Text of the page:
Robin's Website

Kiev (Kyiv)

Please note: This page has been replaced by a newer page based on a more recent visit to the city in 2015. The newer page may be found Here.

Kiev is the capital and largest city of Ukraine, located in the north central part of the country on the Dnieper River. At just under 3 million people, it is the 8th largest city in Europe. During the Soviet era, it was the third largest city in the USSR after Moscow and Saint Petersburg. For further reading, click here; on this webpage, I will point out a few of the many things to see in Kiev, followed by my photos and then at the bottom of the page give a few observations from my visit to this majestic city.

Some of the main sights I went to look at are described as follows and shown in the photos below in the same general order:

Saint-Sophia Cathedral and Related Monastic Buildings. Forming part of a UNESCO world Heritage Site, the cathedral was designed to rival Hagia Sophia in Constantinople. It symbolizes the 'new Constantinople', capital of the Christian principality of Kiev, created in the 11th century in a region evangelized after the baptism of St Vladimir in 988. A complex of monastic buildings are also to be found on the site. Built originally of wood in 1633, the buildings were destroyed by fire in 1697 and reconstructed in stone.

Khreshchatyk. This is the main street of the city which stretches some 1.2km in length.

Statue of Lenin. A red granite, 3.5-metre high statue, constructed in December 1946 just after World War II ended. On June 30th 2009, 11 years after my visit to Kiev, the nose of the statue and part of the left hand were destroyed, although the Communist Party of Ukraine arranged for its restoration and it was re-unveiled later that same year. However, on December 8th 2013 , during the Euromaidan protests in Kiev, the statue was toppled and destroyed. Euromaidan is the name given to a wave of demonstrations and civil unrest in Ukraine which began on the night of 21st November 2013 with public protests in Maidan Nezalezhnosti ("Independence Square") in Kiev. The protestors were demanding closer integration with the European Union.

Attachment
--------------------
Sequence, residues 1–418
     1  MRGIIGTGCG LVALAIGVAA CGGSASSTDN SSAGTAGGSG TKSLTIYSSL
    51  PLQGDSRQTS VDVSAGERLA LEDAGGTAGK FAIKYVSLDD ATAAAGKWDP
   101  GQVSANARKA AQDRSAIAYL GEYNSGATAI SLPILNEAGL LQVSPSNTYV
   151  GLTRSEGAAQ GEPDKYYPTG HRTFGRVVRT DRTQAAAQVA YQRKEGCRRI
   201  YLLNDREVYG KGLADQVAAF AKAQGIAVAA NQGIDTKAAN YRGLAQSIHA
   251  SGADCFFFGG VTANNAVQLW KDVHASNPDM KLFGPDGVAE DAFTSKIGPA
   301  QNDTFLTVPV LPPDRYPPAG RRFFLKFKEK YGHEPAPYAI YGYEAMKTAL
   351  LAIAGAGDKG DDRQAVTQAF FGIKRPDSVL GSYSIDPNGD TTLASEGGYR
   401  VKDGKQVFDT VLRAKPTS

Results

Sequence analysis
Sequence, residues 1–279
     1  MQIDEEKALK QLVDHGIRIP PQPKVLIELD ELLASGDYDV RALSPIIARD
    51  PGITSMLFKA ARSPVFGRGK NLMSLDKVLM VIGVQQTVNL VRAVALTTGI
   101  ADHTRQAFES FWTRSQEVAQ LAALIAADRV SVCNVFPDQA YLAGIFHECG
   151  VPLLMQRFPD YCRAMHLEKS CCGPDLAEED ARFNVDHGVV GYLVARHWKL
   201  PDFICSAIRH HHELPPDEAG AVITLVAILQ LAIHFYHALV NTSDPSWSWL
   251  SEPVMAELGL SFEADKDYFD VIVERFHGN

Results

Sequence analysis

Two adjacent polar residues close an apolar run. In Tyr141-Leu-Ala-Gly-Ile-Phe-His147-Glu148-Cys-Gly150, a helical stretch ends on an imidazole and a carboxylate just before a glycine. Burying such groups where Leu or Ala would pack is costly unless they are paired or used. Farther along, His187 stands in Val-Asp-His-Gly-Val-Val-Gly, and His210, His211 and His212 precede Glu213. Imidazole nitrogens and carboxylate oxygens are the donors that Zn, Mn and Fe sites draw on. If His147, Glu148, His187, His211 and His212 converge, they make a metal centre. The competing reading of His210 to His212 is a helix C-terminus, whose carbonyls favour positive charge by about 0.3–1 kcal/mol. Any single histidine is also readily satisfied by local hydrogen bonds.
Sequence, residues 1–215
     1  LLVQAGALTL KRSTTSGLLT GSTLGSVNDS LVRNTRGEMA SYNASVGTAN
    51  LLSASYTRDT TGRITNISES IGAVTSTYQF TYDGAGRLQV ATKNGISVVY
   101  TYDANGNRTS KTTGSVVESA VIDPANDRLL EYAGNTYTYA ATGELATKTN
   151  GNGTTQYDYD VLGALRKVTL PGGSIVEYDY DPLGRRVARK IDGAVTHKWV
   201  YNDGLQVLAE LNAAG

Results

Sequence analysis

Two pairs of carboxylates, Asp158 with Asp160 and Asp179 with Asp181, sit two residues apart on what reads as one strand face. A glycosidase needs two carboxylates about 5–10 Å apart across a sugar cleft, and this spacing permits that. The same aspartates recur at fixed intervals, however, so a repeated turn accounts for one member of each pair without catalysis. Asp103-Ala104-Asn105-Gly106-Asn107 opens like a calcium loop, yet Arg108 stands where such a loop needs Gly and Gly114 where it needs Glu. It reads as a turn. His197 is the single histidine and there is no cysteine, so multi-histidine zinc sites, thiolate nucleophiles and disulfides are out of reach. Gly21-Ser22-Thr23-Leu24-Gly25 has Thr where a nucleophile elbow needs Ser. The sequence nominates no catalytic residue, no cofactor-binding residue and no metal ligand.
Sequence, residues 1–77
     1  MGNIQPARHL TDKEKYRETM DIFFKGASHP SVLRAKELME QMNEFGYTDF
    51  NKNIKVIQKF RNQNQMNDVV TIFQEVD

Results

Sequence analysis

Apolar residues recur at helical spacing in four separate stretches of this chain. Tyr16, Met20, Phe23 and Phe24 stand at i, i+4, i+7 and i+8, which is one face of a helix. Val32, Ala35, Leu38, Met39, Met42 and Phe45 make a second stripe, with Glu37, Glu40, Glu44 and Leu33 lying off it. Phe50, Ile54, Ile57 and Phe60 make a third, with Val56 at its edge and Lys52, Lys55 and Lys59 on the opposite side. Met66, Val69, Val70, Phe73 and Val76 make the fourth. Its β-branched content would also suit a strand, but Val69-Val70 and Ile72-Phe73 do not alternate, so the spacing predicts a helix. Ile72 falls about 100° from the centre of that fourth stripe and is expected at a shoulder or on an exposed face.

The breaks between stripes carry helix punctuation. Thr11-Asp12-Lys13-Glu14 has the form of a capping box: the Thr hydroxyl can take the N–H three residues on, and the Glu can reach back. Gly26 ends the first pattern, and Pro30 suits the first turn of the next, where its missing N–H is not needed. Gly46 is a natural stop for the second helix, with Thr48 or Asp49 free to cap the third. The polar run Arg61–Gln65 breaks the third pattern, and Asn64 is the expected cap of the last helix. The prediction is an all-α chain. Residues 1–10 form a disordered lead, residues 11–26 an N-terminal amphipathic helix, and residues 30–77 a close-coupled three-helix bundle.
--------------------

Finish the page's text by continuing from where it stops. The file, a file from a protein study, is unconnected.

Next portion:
Taras Shevchenko National University of Kyiv. Founded in 1834, Ukraine's third oldest university and unmistakeably red in colour.

Saint Andrew's Church. A major Baroque church, often mistaken for a cathedral, constructed in 1747–1754, to a design by the Italian architect Bartolomeo Rastrelli. It is part of the National Sanctuary "Sophia of Kiev" as a landmark of cultural heritage.

Friendship of Nations Arch. This stands 50m (164ft) in diameter and is made of titanium. It is dedicated to the unification of Russia and Ukraine and was opened on November 7, 1982 to commemorate the 60th Anniversary of the USSR and the celebration of the 1,500th Anniversary of the city of Kiev. From this location, there is an excellent view across the river of the East side of the city where the outer suburbs and forests extend for miles.

Last Photo. The radio in the hotel room. The front shows the official symbol of the 1980 Summer Olympics in Moscow; the parallel lines represent lanes of track thrusting upwards to the Moscow skyline above the Olympic rings. Why am I pointing this out? Well, I do believe they were placed in every hotel room in the USSR at the time, and to anyone whom is familiar with intourist hotel rooms from the past will recognise it as an iconic symbol of a former era.

Some Notes from My Visit:

The city's Metro system is very impressive and due to the geographical terrain either side of the Dnieper River, it ends up very deep underneath the city centre (photo 18 above illustrates the terrain). Consequently, I will never forget getting off the train at one of the stations, Arsenalna (Арсенальна). It is the deepest station in the world  at 105.5 metres. Basically, you traverse one escalator, thinking you have just been on the longest subterranean moving staircase ever in your lifetime, only to turn a corner and find yourself traversing on an equally long ride. In total, the escalator rides at Arsenala metro station take approximately five minutes each way.

During the time of my visit in 1998, Russia was suffering a financial crisis. The result of this was the Ukrainian currency, the Hryvnia, was also plummeting in value on the foreign exchange markets. Armed with US dollars, finding an exchange office was not a problem: 1. Look for very long queue of people 2. Say you have dollars 3. Go straight to front of very long queue 4. Change Dollars for Hryvnia 5. Go back later in the day, because the exchange rate would be better than the morning.

Another memory of the visit was being told by a taxi driver not to wear a seatbelt because it was cool and later finding out that it was due to a mentality of living for the day resulting from a turbulent past and an uncertain future.

That was then. A lot of things have changed in Ukraine since my visit in 1998, particularly recently with the Pro-European protests, the annexation of Crimea by the Russian Federation and the current situation in the East of the country. Ukraine certainly is an interesting and wonderful country and at the time of writing one can only pick up the newspaper and wonder where it will all end.

(Text: 2015)

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